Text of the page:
The state of Texas has had a long and troubled history when it comes to the death penalty, and especially so under current presidential candidate Gov. Rick Perry’s (R) watch. Since his election in 2000, a staggering 235 people have been executed – that’s half of inmates put down since the capital punishment’s (re)implementation in 1976 (and 20% of all inmates executed in the state’s history), more than under any governor of any other state in recent history. There’s a number of reasons for this, including the state’s knack for illegally executing mentally handicapped individuals and foreign nationals, along with growing controversy over increasing suspicions that the state has most likely executed a number of innocent people (notably Cameron Todd Willingham), even after new evidence emerged casting serious doubts on the evidence against them.
This was brought up last night during the Republican debate, when Perry was asked whether he had any qualms at all regarding the mere possibility (much less the near-certainty) that his state might have put at least one wrongly convicted person to death.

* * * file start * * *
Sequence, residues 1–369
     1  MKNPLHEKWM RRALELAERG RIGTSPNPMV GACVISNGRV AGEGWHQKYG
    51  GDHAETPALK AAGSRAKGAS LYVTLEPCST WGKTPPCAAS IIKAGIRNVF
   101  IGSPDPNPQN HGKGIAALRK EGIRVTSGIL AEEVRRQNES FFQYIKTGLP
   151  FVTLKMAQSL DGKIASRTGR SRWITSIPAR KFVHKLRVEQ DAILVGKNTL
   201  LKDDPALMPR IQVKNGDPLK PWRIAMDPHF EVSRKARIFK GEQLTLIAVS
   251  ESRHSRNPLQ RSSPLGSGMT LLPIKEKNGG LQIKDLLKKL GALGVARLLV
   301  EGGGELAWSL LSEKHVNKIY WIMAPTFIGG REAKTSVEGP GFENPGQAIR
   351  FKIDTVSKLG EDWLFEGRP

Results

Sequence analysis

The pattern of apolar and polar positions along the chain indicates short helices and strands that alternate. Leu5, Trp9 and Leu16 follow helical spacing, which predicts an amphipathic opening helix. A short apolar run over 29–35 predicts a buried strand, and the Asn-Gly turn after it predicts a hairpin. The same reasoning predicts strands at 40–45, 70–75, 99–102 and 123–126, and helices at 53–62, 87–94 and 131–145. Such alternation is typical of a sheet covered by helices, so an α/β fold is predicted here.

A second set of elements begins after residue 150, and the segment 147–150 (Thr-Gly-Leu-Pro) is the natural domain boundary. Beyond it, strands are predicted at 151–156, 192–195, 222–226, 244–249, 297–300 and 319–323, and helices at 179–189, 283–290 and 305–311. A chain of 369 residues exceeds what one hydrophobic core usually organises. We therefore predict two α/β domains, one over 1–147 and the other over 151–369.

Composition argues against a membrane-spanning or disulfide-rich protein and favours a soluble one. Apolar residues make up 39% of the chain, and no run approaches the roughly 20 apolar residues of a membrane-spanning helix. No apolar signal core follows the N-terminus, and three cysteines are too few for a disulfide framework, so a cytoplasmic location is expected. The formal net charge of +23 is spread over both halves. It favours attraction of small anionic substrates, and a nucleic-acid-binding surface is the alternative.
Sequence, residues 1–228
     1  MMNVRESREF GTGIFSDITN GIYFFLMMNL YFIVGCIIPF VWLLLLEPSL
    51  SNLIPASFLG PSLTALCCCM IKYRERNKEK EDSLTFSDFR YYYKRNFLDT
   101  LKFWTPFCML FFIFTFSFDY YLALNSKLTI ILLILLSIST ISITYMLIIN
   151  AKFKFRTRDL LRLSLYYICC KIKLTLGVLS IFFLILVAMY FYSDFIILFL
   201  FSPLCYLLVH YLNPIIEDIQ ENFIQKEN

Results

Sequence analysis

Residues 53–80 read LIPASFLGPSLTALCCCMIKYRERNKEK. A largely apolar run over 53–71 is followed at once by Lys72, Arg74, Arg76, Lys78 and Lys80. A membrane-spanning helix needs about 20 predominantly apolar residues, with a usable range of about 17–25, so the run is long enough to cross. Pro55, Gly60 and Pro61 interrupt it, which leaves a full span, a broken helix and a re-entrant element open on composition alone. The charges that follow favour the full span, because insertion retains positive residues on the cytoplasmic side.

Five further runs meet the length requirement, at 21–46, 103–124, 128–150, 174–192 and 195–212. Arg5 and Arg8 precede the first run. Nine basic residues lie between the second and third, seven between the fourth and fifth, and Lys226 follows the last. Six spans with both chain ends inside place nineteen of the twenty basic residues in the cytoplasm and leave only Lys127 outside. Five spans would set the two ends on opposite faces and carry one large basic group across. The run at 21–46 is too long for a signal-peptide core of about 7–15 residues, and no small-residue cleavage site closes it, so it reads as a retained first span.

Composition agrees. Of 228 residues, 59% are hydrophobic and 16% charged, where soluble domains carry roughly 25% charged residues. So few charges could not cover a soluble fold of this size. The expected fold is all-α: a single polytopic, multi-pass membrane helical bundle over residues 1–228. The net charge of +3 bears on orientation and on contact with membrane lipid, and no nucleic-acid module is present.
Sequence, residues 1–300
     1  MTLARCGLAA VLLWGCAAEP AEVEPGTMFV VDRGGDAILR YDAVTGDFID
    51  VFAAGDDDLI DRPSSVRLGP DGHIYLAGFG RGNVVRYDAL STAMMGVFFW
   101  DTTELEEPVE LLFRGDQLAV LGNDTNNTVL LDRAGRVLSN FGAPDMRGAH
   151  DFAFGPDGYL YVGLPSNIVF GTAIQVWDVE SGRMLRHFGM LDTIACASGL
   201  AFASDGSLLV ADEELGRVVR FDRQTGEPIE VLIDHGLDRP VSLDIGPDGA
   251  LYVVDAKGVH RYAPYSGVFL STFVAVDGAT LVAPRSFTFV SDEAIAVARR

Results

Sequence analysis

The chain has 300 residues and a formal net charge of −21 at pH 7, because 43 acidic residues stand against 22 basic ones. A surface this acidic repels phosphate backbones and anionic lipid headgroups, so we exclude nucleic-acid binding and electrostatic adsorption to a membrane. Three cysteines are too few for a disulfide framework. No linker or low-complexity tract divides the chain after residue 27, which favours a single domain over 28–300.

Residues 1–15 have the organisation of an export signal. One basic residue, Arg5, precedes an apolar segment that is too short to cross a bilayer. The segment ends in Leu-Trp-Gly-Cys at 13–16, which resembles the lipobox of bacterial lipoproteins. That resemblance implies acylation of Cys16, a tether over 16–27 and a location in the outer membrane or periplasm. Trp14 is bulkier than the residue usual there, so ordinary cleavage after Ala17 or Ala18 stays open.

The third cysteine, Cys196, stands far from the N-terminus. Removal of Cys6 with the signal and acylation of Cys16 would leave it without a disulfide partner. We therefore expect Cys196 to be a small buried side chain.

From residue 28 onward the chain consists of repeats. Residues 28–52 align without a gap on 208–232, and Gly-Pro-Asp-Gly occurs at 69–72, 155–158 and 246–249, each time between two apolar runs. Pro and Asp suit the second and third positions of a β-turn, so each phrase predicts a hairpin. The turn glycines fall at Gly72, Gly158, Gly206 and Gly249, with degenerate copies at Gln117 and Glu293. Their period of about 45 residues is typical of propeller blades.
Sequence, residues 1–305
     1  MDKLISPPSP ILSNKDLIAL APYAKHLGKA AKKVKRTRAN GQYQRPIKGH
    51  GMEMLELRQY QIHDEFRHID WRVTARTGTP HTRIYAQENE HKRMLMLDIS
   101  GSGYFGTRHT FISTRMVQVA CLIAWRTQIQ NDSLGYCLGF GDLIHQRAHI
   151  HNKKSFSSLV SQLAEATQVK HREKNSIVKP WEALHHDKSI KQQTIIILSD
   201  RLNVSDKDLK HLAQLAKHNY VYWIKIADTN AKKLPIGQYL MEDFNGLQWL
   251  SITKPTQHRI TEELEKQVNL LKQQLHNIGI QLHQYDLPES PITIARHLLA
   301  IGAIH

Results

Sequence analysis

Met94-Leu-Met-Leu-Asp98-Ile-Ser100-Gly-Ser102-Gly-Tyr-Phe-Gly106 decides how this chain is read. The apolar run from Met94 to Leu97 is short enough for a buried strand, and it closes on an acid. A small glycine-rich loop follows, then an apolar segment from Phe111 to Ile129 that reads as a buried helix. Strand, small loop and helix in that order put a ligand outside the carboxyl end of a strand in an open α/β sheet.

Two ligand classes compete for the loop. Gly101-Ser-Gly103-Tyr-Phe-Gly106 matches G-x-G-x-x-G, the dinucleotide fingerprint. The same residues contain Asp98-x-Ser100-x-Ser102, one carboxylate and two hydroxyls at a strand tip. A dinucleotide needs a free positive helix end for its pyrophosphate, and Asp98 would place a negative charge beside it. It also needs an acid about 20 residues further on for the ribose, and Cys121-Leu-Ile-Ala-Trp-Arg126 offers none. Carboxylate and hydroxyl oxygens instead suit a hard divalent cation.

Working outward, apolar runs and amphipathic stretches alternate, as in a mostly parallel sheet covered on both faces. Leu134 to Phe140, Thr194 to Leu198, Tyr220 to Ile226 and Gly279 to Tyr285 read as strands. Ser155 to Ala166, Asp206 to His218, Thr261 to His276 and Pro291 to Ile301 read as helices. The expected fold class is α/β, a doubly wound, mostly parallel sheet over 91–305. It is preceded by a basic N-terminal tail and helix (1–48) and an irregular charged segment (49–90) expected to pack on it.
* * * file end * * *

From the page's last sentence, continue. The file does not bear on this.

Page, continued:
And the “small government”, “pro-life” crowd rejoiceth:
S’cuse me while this bleeding-heart liberal steps out for a moment to weep for humanity. Or vomit. Either way.
Tellingly enough, one such supporter of state-sanctioned murder said that “It takes balls to execute an innocent man”. I don’t know about that – there’s certainly nothing remotely courageous about killing off helpless inmates in restraints at the behest of the courts – but it definitely takes something. And I suspect it’s the same thing that would make an audience react with jubilation at the thought of hundreds being slaughtered by the very government they claim to want to restrain.
Edit: (09/08/11 6:25 PM) – Added extra execution statistics; via ThinkProgress.